• 102. Analysis of Probabilistic Schedule and Cost Last Updated: 8/10/2012 102/186 There are several “components” to the Monte Carlo process. So when we speak of Monte Carlo it is both a process and a product – in our current case Risk+ Prepared for NNJ05111915R, by Glen B. Alleman December 2005
  • 103. Analysis of Probabilistic Schedule and Cost Last Updated: 8/10/2012 103/186 Samples drawn from the underlying distribution function can produce an “error estimate” on a completion date. These error estimates are different than the fixed boundaries for PERT, since they represent the actual probabilities distribution error bounds Prepared for NNJ05111915R, by Glen B. Alleman December 2005
  • 104. Analysis of Probabilistic Schedule and Cost Last Updated: 8/10/2012 104/186 The number of sample runs needs to be sufficient to cover all the possibilities in the pdf. This is usually 500. A production run for a Monte Carlo simulation is around 2,000 to 3,000 iterations. As the iteration count increases the fidelity of the simulation increases. But there is a point where more samples don’t add value. This point can be determined by the statistical performance of the variance of these sample space. Prepared for NNJ05111915R, by Glen B. Alleman December 2005
  • 105. Analysis of Probabilistic Schedule and Cost Last Updated: 8/10/2012 105/186 Since Monte Carlo does not need to know about the Critical Path, it is conceptually simpler to use. A well formed network is needed and the 3–point estimates need to represent the proper risk assessment. Prepared for NNJ05111915R, by Glen B. Alleman December 2005
  • 106. Analysis of Probabilistic Schedule and Cost Last Updated: 8/10/2012 106/186 This is a view of how Risk+ sets up the project file. Prepared for NNJ05111915R, by Glen B. Alleman December 2005
  • 107. Analysis of Probabilistic Schedule and Cost Last Updated: 8/10/2012 107/186 The result is a cumulative distribution and a probability distribution function. Interpreting this result is straight forward. The confidence of each date is shown in the table on the right. This is the probability of completing the task by the date. Prepared for NNJ05111915R, by Glen B. Alleman December 2005
  • 108. Analysis of Probabilistic Schedule and Cost Last Updated: 8/10/2012 108/186 A good IMS is needed. The risk assessments should be done with a ranking process rather than specific 3–point estimates. This disconnects the personal opinions from the assignment of risk. A 5 level process is one approach, but any odd numbered level ranking is best. The differences between the levels should be geometric not linear. Prepared for NNJ05111915R, by Glen B. Alleman December 2005
  • 109. Analysis of Probabilistic Schedule and Cost Last Updated: 8/10/2012 109/186 Risk+ generates lots of information useful for the analysis of the program. Prepared for NNJ05111915R, by Glen B. Alleman December 2005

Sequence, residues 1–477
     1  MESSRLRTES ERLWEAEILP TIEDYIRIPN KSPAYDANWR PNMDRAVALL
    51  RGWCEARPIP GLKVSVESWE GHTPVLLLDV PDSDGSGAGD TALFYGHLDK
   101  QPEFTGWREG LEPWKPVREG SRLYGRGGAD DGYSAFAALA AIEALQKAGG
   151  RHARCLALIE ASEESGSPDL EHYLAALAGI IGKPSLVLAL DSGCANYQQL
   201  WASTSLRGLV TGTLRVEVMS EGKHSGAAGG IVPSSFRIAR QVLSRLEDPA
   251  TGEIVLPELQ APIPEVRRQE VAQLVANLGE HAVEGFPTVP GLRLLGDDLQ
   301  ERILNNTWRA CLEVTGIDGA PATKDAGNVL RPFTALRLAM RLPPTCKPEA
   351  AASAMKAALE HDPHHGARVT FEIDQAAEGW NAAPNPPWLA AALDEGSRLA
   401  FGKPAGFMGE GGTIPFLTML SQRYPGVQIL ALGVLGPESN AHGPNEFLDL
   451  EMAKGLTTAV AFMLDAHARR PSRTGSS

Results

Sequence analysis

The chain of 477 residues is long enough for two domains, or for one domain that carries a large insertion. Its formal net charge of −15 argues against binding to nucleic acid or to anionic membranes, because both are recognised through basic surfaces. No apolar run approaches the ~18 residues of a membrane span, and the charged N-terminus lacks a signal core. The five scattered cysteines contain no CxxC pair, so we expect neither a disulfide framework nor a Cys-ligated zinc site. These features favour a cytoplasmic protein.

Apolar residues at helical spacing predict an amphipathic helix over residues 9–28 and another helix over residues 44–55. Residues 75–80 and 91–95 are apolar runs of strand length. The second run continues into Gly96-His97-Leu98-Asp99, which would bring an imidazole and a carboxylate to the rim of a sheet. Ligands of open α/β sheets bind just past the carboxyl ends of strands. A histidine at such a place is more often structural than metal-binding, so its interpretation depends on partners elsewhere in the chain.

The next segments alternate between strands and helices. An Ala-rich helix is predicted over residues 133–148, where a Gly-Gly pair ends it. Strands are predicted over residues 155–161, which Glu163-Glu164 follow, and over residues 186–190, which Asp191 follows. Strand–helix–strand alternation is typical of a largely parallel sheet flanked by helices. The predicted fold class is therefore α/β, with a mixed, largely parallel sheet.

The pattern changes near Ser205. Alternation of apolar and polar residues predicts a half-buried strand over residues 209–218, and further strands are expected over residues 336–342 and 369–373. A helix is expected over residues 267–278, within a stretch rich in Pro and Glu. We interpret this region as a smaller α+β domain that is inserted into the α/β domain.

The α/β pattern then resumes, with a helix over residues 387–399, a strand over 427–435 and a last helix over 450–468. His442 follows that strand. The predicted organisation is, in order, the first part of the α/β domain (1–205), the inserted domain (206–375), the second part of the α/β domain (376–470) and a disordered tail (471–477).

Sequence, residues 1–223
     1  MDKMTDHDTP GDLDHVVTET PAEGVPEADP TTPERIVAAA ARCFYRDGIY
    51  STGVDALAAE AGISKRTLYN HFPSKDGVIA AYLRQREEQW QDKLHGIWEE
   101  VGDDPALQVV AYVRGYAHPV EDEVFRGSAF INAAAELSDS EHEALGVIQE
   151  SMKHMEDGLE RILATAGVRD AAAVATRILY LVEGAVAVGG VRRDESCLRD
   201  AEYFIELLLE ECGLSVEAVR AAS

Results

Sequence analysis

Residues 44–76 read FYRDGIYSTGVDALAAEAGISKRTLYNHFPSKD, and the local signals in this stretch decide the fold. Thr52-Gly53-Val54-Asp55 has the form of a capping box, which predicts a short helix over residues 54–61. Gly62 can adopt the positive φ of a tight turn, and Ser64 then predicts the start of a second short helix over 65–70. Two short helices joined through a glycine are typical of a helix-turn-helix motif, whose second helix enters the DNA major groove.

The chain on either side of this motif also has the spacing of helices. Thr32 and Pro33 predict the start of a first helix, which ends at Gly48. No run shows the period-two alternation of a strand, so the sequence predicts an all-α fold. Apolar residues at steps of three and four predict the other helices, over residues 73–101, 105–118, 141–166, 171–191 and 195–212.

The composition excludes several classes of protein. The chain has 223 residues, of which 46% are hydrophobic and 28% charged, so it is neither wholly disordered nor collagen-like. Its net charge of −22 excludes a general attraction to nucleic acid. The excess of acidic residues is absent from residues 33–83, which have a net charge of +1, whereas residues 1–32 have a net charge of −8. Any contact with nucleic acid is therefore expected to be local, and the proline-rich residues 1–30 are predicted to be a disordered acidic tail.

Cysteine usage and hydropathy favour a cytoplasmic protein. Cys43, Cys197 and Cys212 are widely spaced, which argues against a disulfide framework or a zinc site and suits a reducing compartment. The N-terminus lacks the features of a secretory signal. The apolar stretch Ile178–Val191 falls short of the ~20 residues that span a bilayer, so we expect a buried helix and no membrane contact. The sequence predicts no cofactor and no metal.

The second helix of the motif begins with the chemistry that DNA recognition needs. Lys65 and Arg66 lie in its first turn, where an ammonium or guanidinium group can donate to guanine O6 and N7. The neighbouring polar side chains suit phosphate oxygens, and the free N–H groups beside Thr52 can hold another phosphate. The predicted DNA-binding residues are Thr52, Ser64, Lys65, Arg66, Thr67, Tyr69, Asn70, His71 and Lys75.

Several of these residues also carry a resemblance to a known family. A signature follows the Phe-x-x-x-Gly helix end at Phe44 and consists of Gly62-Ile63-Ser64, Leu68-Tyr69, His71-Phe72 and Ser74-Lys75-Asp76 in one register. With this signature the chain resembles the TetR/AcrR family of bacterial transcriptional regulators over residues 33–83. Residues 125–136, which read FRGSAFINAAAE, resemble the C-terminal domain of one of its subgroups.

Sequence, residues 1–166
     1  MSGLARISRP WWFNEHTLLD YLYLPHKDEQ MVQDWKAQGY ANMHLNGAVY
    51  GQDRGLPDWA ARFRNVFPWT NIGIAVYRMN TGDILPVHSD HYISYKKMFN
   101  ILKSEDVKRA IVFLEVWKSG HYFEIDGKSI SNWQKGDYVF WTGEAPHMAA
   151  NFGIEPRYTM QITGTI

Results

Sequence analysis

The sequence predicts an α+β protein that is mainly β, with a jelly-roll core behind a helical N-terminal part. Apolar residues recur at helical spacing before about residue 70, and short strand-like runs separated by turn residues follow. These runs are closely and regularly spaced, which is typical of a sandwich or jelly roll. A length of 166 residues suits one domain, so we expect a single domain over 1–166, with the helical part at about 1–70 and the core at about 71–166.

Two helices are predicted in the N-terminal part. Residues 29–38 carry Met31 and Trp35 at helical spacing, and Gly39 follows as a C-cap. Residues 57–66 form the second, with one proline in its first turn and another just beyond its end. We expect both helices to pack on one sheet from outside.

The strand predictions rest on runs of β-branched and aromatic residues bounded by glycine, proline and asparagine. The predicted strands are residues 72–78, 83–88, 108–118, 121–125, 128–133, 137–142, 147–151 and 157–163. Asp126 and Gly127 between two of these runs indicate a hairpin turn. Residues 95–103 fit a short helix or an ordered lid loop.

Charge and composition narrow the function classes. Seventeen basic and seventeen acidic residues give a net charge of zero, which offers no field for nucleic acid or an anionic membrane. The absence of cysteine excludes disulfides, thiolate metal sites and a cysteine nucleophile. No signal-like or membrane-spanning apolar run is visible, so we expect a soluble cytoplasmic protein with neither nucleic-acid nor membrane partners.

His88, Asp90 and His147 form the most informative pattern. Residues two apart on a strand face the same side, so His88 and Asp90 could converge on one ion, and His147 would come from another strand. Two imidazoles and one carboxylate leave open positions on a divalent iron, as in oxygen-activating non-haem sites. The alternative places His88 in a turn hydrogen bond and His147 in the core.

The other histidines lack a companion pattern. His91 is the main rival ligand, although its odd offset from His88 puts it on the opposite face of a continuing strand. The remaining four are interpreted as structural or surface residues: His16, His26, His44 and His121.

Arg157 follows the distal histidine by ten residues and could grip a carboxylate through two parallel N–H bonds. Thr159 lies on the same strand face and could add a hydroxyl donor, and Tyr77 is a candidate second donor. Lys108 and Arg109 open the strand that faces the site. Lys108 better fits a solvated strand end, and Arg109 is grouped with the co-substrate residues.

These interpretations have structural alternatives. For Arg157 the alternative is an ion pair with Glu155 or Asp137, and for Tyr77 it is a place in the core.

• 110. Analysis of Probabilistic Schedule and Cost Last Updated: 8/10/2012 Prepared for NNJ05111915R, by Glen B. Alleman December 2005 110/186
  • 111. Analysis of Probabilistic Schedule and Cost Last Updated: 8/10/2012 111/186 Constructing a robust IMS means building a “risk tolerant” plan. The robustness of the plan means that it (the plan) can deal with disruptions that occur naturally through the course of execution or un–naturally through external events. In either case the “robustness” of the plan must be visible to the evaluator without any detailed explanation, beyond the IMS narrative. No hand waving explanations of how the plan works. The risk tolerant aspects most be obvious. Prepared for NNJ05111915R, by Glen B. Alleman December 2005
  • 112. Analysis of Probabilistic Schedule and Cost Last Updated: 8/10/2012 112/186 Thinking about schedule contingency is different in a PRA context. For a simple project, 15% contingency is assumed. But placing the contingency is the first problem. The process is: • Run Risk+ and watch the final date. • Compare the 80% confidence date against the deterministic date. This difference is the first cut at the needed margin. • Assign this duration across the project in front of the critical (high risk) milestones. • Rerun Risk+ and add or subtract this margin until the desired confidence date is achieved. Prepared for NNJ05111915R, by Glen B. Alleman December 2005
  • 113. Analysis of Probabilistic Schedule and Cost Last Updated: 8/10/2012 113/186 More detailed statistics and interpretations of the results an be produced with Risk+. This information can them be used to perform further analysis of the IMS. The analysis is what we’re after, not just the date produced by Risk+. Like the PERT numbers, the Risk+ numbers must be interpreted with the understanding of how they were arrived at. This is one of the purposed of this briefing – to provide knowledge of how to use this approach and what its strengths and weaknesses are. Prepared for NNJ05111915R, by Glen B. Alleman December 2005
  • 114. Analysis of Probabilistic Schedule and Cost Last Updated: 8/10/2012 114/186 Incorporating Technical Performance Measures (TPM) with Monte Carlo is a powerful way of showing how risk is reduced and maturity increased in a program. At each step in the program – each Program Event – a target confidence interval for a completion date can be forecast. Along with the technical performance measure, this programmatic performance measure approach results in a “risk tolerant” IMS. Prepared for NNJ05111915R, by Glen B. Alleman December 2005